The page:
We talk so much about Abstract Syntax Trees, but maybe we should talk about "abstract structure graphs"?
Say you have code like:
foo = 1;
foo += bar(foo);
In AST form, using Lisp notation:
'((:= "foo" 1)
(+= "foo" ("bar" "foo")))
In "ASG" form:
'((:= #1="foo" 1)
(+= #1# ("bar" #1#))
Where #1= and #1# mean all instances of #1# contain (via pointers) *the same* object as marked with #1=, not just an equal one.
Some pictures to clarify what I mean are attached.
Now I'm not a compiler guy, but I'm pretty sure the very next step after parsing some code into AST is turning it into "ASG" - whether represented as a graph structure directly, or by a combination of helper structures (e.g. symbol table) and dynamic state (e.g. "environments" carried by recursing functions). You need to do that in some way, to be able to correctly associate a thing (like variable, function) with all references to it in the AST.
I wonder, why not expose this abstraction to the user?
In a way, we already implicitly code in graphs, not in trees. Rules of most programming languages make it that when you write:
foo = 1; foo += bar(foo);
all three instances of "foo" are *meant to* refer to the same thing.
But then, for code transformation, we parse it into AST, and that "sameness" becomes implicit. The graph becomes unrolled into a tree, and it's hard to walk it. We need supplemental information to work with it.
But what if we let the transformer writers walk graphs instead?
Imagine a more complex case:
a = bar(foo);
b = bar(foo) + bar(baz);
((:= a (bar foo))
(:= b (+ (bar foo) (bar baz))))
What if that parsed, in memory, into a graph structure like:
((:= a #1=(#2=bar foo))
(:= b (+ #1# (#2# baz))))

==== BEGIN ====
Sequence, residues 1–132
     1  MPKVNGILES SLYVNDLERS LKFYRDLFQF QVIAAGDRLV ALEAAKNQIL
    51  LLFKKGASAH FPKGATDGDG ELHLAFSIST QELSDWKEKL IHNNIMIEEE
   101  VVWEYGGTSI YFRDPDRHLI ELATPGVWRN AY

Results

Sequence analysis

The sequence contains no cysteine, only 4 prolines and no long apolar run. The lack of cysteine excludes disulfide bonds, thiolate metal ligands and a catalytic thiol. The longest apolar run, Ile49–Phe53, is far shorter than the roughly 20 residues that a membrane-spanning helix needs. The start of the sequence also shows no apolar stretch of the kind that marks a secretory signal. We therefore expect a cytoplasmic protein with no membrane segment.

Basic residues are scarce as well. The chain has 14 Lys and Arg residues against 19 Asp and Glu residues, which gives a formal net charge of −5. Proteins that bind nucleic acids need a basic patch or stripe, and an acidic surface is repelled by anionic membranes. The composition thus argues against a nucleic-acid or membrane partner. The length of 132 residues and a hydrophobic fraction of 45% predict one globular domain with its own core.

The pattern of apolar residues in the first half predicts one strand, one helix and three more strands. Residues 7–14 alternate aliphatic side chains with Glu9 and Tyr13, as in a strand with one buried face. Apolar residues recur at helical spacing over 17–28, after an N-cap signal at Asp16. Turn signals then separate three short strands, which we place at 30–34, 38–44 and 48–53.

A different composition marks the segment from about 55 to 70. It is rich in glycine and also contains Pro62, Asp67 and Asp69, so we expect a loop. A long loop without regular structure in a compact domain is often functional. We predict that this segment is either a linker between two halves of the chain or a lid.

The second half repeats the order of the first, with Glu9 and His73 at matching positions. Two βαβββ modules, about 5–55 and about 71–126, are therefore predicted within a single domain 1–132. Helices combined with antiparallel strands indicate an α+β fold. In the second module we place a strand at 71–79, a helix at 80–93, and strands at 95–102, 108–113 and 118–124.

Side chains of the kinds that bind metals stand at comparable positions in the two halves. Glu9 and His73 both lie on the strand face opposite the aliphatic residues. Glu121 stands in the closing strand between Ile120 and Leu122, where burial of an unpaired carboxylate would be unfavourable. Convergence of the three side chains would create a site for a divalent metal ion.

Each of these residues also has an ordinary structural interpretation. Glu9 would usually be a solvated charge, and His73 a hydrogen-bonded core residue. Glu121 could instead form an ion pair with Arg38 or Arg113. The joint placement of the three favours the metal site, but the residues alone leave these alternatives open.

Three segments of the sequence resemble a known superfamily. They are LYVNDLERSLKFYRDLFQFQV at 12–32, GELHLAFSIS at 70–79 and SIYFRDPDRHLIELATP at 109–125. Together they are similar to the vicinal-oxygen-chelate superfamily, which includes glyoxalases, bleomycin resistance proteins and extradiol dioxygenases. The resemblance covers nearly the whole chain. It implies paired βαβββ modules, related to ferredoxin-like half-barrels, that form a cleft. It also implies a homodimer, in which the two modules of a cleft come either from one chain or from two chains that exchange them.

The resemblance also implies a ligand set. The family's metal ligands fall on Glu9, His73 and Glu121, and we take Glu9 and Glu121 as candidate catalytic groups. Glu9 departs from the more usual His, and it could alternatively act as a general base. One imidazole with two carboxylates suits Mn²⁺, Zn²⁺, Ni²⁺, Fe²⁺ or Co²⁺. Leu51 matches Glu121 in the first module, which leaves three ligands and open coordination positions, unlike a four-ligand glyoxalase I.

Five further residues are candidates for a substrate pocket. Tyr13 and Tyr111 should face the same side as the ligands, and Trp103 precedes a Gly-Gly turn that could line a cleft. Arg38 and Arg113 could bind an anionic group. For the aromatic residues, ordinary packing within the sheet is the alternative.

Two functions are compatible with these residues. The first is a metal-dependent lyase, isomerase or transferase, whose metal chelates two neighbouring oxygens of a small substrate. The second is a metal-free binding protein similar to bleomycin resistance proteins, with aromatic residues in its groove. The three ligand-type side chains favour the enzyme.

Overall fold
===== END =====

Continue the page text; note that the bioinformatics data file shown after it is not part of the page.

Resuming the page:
Would it be easier or harder to work with it?
I honestly have no answer; it's just some pondering that I had on the back of my mind for the last year or so.
The previous toot had a notation change on the diagram - function application is made explicit, and so is ordering of the edges (to compensate for PlantUML/Graphviz "optimizing" it).
But operators are functions too, so how about the same, but with all function applications explicit?
Attached is a picture of a proper graph form of the code.
I wonder, is that a more useful form to work with than AST?
I'm likely reinventing a branch of #compsci here; pointers to existing body of work appreciated.
@loke It should contain all information of the original Lisp form. If you start at the top and descend recursively (against the direction of arrows; I drew them in the "data flow" order), depth-first, but ensuring that at each level you go through alpha-arrow before you go through beta-arrow - you should be able to reconstruct my final Lisp form exactly.
The "edge ordering" thing is probably not typical for graphs, I don't know the name of this.
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